Missouri District Court Dismisses Challenge to Contraception Mandate

By Nadia N. Sawicki

Litigation challenging the PPACA contraception mandate continues, and last week’s decision by the U.S. District Court for the Eastern District of Missouri in O’Brien v. HHS brings the total number of decisions on the merits to two (three cases – Nebraska v. Sebelius, Wheaton College v. Sebelius, and Belmont Abbey v. Sebelius – have already been dismissed for lack of standing).

Judge Carol Jackson’s opinion dismisses all the plaintiffs’ claims, but focuses primarily on the Religious Freedom and Restoration Act (RFRA) claim.   RFRA, which was passed by Congress in response to the Supreme Court’s 1990 decision in Employment Division v. Smith, applies a stricter standard of scrutiny to burdens on religious exercise than is constitutionally required under Smith.  A plaintiff who can demonstrate that his freedom of religious exercise is being substantially burdened by a law will prevail unless the government can prove that the law serves a compelling state interest using the least restrictive means possible.

With respect to O’Brien’s RFRA claim, the District Court concluded that requiring a corporate employer to cover contraception in its health insurance plan does not impose a substantial burden on the entity’s right to religious exercise.  Or rather, the entity’s hypothetical right to religious exercise – the District Court assumed for the sake of argument that a secular corporation can, in fact, “exercise” a religion.  The court concluded, however, that whatever burdens exist on the plaintiffs’ right of free exercise, those burdens are “too attenuated to state a claim for relief.”   Unlike other cases where plaintiffs have been able to demonstrate substantial burdens on religion, the PPACA contraception mandate would not prevent the plaintiffs in O’Brien from keeping the Sabbath, raising a family according to Scripture, eschewing contraception, or expressing an opinion to employees.  Rather, the mandate merely requires indirect financial support of a practice with which the plaintiffs disagree – no different, the court suggests, than paying a salary to an employee who, through her own free will, chooses to purchase an objectionable product.  While the court did not draw this connection directly, this reasoning is similar in kind to the reasoning used by courts in rejecting claims of conscientious objection by taxpayers.

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“The New Normal” and Reproductive Technology and the Law

Inspired in part by attending the “Baby Markets Roundtable” (an annual gathering of reproductive technology and the law scholars) this week at Indiana Bloomington, I wanted to share a few thoughts on the new NBC television show The New Normal. The series is a sitcom that follows the lives of a gay male couple (David and Bryan) who decide to employ a surrogate (Goldie), who herself has a young child through a prior relationship (Shania). The last cast member that is part of the family is the Goldie’s fairly right-wing grandmother known as “Nana.”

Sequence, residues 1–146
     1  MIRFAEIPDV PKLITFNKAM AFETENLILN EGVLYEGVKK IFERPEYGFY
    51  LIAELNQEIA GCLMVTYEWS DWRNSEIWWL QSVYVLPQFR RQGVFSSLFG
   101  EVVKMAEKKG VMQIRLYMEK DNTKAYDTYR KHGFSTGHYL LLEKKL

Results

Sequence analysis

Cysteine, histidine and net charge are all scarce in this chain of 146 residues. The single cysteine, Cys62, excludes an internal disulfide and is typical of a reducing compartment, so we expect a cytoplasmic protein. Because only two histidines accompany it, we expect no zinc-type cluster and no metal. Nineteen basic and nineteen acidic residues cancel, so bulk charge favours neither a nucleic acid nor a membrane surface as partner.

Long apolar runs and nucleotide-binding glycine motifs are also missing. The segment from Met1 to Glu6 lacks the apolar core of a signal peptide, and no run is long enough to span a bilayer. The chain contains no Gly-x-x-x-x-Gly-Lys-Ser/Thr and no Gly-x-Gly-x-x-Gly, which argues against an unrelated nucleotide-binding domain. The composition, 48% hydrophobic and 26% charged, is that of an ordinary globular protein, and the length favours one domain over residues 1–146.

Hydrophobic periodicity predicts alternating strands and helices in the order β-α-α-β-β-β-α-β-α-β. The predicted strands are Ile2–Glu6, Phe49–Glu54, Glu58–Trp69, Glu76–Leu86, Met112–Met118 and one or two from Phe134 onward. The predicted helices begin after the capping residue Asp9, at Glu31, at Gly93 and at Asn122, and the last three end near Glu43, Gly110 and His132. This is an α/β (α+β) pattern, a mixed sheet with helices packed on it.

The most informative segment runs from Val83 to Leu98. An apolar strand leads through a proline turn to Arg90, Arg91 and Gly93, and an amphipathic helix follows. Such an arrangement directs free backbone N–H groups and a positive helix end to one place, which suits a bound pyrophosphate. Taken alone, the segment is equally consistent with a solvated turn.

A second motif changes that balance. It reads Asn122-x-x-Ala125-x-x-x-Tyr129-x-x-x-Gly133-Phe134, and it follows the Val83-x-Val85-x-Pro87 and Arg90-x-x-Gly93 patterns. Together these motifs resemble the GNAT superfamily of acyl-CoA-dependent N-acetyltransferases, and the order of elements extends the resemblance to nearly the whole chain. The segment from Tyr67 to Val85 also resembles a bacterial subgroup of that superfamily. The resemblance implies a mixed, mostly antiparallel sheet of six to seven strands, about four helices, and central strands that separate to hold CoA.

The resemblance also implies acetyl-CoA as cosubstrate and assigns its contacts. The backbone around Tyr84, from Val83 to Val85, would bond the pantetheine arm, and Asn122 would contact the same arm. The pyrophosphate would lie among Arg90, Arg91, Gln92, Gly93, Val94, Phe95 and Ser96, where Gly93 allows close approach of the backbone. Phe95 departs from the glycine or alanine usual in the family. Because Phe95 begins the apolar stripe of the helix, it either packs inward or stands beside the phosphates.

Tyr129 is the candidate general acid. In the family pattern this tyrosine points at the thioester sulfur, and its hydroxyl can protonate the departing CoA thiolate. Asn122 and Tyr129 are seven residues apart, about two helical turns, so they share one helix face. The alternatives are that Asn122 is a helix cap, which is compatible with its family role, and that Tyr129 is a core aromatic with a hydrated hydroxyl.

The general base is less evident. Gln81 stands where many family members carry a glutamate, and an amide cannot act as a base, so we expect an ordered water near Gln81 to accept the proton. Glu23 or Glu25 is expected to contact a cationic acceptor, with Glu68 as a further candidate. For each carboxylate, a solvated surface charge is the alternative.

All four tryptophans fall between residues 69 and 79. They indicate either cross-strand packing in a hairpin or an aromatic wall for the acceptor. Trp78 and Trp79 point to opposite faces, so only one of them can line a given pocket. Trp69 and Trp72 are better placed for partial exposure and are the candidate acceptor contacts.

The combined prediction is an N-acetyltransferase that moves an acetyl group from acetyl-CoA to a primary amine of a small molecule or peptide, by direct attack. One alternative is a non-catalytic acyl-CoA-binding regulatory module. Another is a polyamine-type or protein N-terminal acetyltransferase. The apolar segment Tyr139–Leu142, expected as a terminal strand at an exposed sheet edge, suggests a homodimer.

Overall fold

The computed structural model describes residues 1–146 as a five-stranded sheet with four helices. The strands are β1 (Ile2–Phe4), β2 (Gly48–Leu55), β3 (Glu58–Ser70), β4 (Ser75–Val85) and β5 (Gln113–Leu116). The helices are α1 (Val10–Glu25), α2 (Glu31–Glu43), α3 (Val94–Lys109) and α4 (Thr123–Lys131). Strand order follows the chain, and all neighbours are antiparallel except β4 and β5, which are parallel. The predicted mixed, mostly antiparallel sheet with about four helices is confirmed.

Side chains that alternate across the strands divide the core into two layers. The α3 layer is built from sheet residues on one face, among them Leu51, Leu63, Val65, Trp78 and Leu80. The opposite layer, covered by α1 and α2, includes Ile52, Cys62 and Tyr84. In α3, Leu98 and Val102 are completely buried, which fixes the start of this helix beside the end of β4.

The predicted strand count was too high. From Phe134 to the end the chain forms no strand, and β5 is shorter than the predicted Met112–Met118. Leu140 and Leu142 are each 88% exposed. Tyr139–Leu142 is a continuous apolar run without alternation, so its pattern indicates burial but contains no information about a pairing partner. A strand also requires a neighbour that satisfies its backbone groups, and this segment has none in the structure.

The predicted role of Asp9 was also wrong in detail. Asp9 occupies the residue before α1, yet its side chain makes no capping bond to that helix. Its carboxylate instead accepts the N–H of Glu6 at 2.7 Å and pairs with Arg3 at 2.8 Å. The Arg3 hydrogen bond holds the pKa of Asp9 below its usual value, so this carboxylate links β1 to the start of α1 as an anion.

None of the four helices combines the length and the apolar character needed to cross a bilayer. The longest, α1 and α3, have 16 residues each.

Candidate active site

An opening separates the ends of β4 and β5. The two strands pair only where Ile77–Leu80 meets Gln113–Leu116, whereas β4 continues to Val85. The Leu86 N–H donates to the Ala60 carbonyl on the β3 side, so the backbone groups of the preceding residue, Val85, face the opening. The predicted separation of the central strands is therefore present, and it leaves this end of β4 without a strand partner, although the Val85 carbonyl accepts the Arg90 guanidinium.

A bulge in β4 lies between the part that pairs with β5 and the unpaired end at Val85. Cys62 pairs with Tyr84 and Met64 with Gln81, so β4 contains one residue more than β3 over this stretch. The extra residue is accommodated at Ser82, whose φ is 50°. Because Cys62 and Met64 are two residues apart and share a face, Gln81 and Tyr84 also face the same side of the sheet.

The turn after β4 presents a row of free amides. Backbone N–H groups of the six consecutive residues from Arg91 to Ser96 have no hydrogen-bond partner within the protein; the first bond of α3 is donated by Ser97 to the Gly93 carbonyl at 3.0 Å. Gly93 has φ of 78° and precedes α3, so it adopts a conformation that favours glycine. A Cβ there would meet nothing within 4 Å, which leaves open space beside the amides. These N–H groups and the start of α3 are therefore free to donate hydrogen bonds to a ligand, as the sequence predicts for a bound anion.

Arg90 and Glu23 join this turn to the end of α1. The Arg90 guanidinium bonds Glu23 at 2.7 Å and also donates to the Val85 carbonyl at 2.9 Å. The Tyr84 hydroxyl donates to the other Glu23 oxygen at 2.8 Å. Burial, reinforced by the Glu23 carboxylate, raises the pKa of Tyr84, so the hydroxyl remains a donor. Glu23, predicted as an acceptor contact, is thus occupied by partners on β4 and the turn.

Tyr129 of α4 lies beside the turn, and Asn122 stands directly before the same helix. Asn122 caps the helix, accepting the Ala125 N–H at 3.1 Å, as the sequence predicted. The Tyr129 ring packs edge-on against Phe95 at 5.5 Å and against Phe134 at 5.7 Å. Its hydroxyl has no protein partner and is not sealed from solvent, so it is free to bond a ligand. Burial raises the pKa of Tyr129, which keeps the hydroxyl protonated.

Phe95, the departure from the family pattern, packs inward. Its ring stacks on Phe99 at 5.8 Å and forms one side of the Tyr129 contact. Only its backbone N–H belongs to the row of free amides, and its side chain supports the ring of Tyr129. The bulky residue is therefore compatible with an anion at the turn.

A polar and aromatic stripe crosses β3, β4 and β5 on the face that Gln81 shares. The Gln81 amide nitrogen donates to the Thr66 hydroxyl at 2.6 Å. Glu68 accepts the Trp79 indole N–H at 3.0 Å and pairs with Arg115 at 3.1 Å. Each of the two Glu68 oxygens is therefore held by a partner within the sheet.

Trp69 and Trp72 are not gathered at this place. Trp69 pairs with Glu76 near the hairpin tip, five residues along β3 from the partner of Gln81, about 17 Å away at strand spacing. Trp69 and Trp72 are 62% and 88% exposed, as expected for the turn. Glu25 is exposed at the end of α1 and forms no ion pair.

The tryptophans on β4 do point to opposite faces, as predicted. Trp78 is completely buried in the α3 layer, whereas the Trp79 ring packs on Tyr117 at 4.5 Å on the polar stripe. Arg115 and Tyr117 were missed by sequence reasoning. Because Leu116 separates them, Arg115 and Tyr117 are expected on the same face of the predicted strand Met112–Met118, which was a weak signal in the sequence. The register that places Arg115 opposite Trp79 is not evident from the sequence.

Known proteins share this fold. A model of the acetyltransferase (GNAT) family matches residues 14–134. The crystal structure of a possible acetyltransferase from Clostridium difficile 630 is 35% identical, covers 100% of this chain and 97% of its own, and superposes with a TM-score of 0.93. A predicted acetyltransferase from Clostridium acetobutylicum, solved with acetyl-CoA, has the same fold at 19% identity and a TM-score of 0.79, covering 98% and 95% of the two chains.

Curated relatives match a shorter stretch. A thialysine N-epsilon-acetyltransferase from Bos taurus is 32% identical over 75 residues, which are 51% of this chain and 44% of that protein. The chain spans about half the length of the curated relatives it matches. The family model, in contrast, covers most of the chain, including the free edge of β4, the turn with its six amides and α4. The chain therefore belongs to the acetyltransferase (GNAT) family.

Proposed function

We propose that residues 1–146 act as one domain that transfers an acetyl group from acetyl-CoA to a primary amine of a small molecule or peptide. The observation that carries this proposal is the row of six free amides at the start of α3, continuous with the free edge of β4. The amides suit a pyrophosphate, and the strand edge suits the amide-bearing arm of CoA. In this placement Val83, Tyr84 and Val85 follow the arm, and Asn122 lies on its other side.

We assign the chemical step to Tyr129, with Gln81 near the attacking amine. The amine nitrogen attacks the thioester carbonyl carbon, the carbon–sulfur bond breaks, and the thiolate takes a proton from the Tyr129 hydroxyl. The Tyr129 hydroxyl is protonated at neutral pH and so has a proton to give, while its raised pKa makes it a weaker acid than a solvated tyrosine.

First the good: This is one of the few portrayals of surrogacy on TV, period. With a few exceptions, usually surrogacy comes in as a plot-of-the-week on lawyer shows when something has gone wrong. Here is one of the few positive, normalizing, portrayals of surrogacy.

Now the not-so-good:

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California Surrogacy Bill Reacts to Lawyer Bad Acts

[posted on behalf of Judy Daar]

Mishaps in assisted reproductive technologies (ART) breed public outcries and legislative hand-wringing.  It is no wonder a 2011 San Diego-based ART debacle dubbed “an international baby-selling ring” caught the attention of the California legislature.  In a state where elected officials practically swear fealty to the mantra, “there ought to be a law,” the conviction and imprisonment of a prominent attorney who ran a gestational surrogacy agency gone awry was bound to garner lawmaker attention.  The resulting sausage, A.B. 1217, passed legislative muster last week and now awaits signature or veto by Governor Brown.

The story of A.B. 1217 is far more elaborate than the typical sequence of mishap to measure that often accompanies ART blunders.  In California alone, our codes are peppered with laws reacting to all manner of ART black eyes, including the egg-swapping scandal at the UCI Center for Reproductive Health in the mid-1990s, the luring of egg donors by big money pay outs and the criminal mishandling of trust funds supplied by intended parents in surrogacy arrangements. Overwhelmingly, these laws are dormant but their enactment expressed the public’s outrage when third parties manipulated and mishandle the birth of an assisted conception child.